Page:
Did You Know?

Trivia:
Two songs not used in the film: "This Is Love" - music by Herbert Stothart and lyrics by Clifford Grey; and "Satan's Song" - music by Jack King and lyrics by Elsie Janis.See more »
Goofs:
Continuity: Early on at the party, Trixie's feathered costume sustains some damage. Later, none of the feathers are bent.See more »
Quotes:
Angela Brooks:[French accent] You are een love weez love!See more »
Movie Connections:
Featured in Electric Dreams (1984)See more »
Soundtrack:
We're Going SomewhereSee more »

FAQ

This FAQ is empty. Add the first question.
8 out of 8 people found the following review useful.
"She will ensnare you", 14 June 2009
Author: Steffi_P from Ruritania

There are some directors who failed and faltered in the sound revolution. There are others who made a success of the new form and were even revitalised by it. Cecil B. DeMille is perhaps in a league of his own, who with Madam Satan created a work suffering from all the awkwardness of the worst early talkies, and yet one gloriously weird and wonderful in a way that only his pictures could be.

It's true; Madam Satan is incredibly stilted and static in its construction. I'm not referring to the anchored camera – DeMille didn't really rely on camera movement anyway. But like many early talkies it places too much importance on dialogue, and is structured like a stage play with very long and very wordy scenes. The sound recording is appalling and sometimes we can hear dialogue when characters are in long shot, which seems very unnatural. Like most early musicals the numbers are spoiled by indecipherable operatic vocals.

But never fear! Madam Satan was scripted by the delightfully barmy Jeanie Macpherson. What's more we find DeMille, ever with his finger to the wind, putting his own grandiose and unashamedly smutty spin on the bedroom-comedy musical genre that was making such a splash at his old stomping ground, Paramount. The result is one of the most unintentionally surreal pictures I have ever seen. We begin with some Lubitsch-esque bed-hopping comedy scenes, sprinkled with a few songs. We then decamp to a fancy-dress party on board a Zeppelin (why not?) for an extended musical sequence, which looks like the result of Fritz Lang hiring Busby Berkeley to direct a scene in Metropolis. Just as the characters' passions start to run away with them, it suddenly turns into a disaster movie – a bit of a DeMille-Macpherson trademark, that.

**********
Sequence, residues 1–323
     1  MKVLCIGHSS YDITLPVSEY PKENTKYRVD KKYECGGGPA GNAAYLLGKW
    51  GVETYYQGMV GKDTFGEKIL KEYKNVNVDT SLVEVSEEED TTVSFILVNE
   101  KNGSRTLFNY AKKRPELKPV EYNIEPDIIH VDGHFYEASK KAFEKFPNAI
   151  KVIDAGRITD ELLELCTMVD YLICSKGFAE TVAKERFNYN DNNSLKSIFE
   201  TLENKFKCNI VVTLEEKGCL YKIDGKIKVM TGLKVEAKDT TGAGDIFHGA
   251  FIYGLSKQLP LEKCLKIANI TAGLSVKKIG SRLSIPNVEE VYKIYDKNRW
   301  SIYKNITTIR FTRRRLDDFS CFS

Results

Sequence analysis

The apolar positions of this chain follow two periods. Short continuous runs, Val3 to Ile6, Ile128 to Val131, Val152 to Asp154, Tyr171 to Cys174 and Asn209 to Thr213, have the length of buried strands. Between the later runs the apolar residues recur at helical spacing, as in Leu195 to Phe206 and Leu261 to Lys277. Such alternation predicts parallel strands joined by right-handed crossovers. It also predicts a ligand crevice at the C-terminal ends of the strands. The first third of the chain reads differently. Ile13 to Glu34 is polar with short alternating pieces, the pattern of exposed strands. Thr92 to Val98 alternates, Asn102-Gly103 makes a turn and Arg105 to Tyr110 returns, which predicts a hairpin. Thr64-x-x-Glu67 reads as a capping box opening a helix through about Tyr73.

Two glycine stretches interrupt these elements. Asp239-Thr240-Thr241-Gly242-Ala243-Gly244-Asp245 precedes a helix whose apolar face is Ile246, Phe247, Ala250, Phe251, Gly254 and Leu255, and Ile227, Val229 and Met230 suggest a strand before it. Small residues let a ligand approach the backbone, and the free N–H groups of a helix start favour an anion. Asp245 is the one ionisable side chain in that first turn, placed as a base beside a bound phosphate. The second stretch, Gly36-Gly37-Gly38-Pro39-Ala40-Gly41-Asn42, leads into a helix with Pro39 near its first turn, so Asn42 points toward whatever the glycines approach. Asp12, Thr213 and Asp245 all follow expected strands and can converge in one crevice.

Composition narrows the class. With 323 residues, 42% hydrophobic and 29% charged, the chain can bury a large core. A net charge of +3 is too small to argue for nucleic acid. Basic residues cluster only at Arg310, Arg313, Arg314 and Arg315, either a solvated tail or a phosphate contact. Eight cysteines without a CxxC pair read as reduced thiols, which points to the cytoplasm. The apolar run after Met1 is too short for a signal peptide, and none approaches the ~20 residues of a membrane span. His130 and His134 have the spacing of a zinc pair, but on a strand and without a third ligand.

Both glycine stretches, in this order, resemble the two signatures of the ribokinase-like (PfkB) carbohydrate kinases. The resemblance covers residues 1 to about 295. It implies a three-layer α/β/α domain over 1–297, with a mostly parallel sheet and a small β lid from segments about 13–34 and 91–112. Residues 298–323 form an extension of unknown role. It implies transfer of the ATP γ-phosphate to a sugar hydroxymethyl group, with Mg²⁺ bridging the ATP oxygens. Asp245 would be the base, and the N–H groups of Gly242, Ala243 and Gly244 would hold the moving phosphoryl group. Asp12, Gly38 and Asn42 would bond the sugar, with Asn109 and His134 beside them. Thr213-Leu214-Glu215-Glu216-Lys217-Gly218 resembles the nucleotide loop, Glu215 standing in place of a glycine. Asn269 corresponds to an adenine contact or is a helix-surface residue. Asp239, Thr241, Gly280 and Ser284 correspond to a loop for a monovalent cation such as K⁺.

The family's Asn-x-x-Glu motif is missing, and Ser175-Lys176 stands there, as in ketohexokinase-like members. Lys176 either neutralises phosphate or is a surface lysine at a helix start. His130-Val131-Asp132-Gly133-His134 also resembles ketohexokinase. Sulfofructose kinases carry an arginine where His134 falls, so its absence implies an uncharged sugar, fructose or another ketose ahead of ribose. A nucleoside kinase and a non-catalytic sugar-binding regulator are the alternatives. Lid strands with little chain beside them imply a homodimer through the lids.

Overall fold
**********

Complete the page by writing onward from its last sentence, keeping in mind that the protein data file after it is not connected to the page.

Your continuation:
Madam Satan is also special in that it is perhaps the only DeMille comedy which is actually rather funny. The occasionally witty dialogue was probably Gladys Unger's contribution to the screenplay, but what really makes it work is the excellent comic timing and rapport of Reginald Denny, Lillian Roth and Roland Young. In comparison to these three very satisfying cast members, leading lady Kay Johnson seems rather bland, and has "poor-man's Jeanette MacDonald" written all over her.

Most of the songs are by Herbert Stothart, who would soon rise to become MGM's in-house composer. Musically they are fairly forgettable, although it's interesting how they are used to define character and drive the plot forward in a way that later became standard but was by no means a given in the very earliest musicals. DeMille, always a very rhythmic director, shoots some great dance numbers, and shows great musical sensitivity for the "All I Know Is You're in My Arms" number, tracking along with the silhouetted dancers, and putting in a wonderful slow tilt when they are still, corresponding to the swell in the music. It's a shame this was his only musical.

Madam Satan has got to be one of the weirdest film experiences I have ever had, and after my first viewing I wasn't quite sure if perhaps I dreamt it. It was (sniff) the last significant contribution to a DeMille picture by Jeanie Macpherson, and while all his work after this was filled with adventure and spectacle, they were missing a certain something that only she could bring. Madam Satan is however an appropriately daffy swansong – a boozy, art-deco, all-talking, all-dancing concotion that is worth watching for its sheer oddness.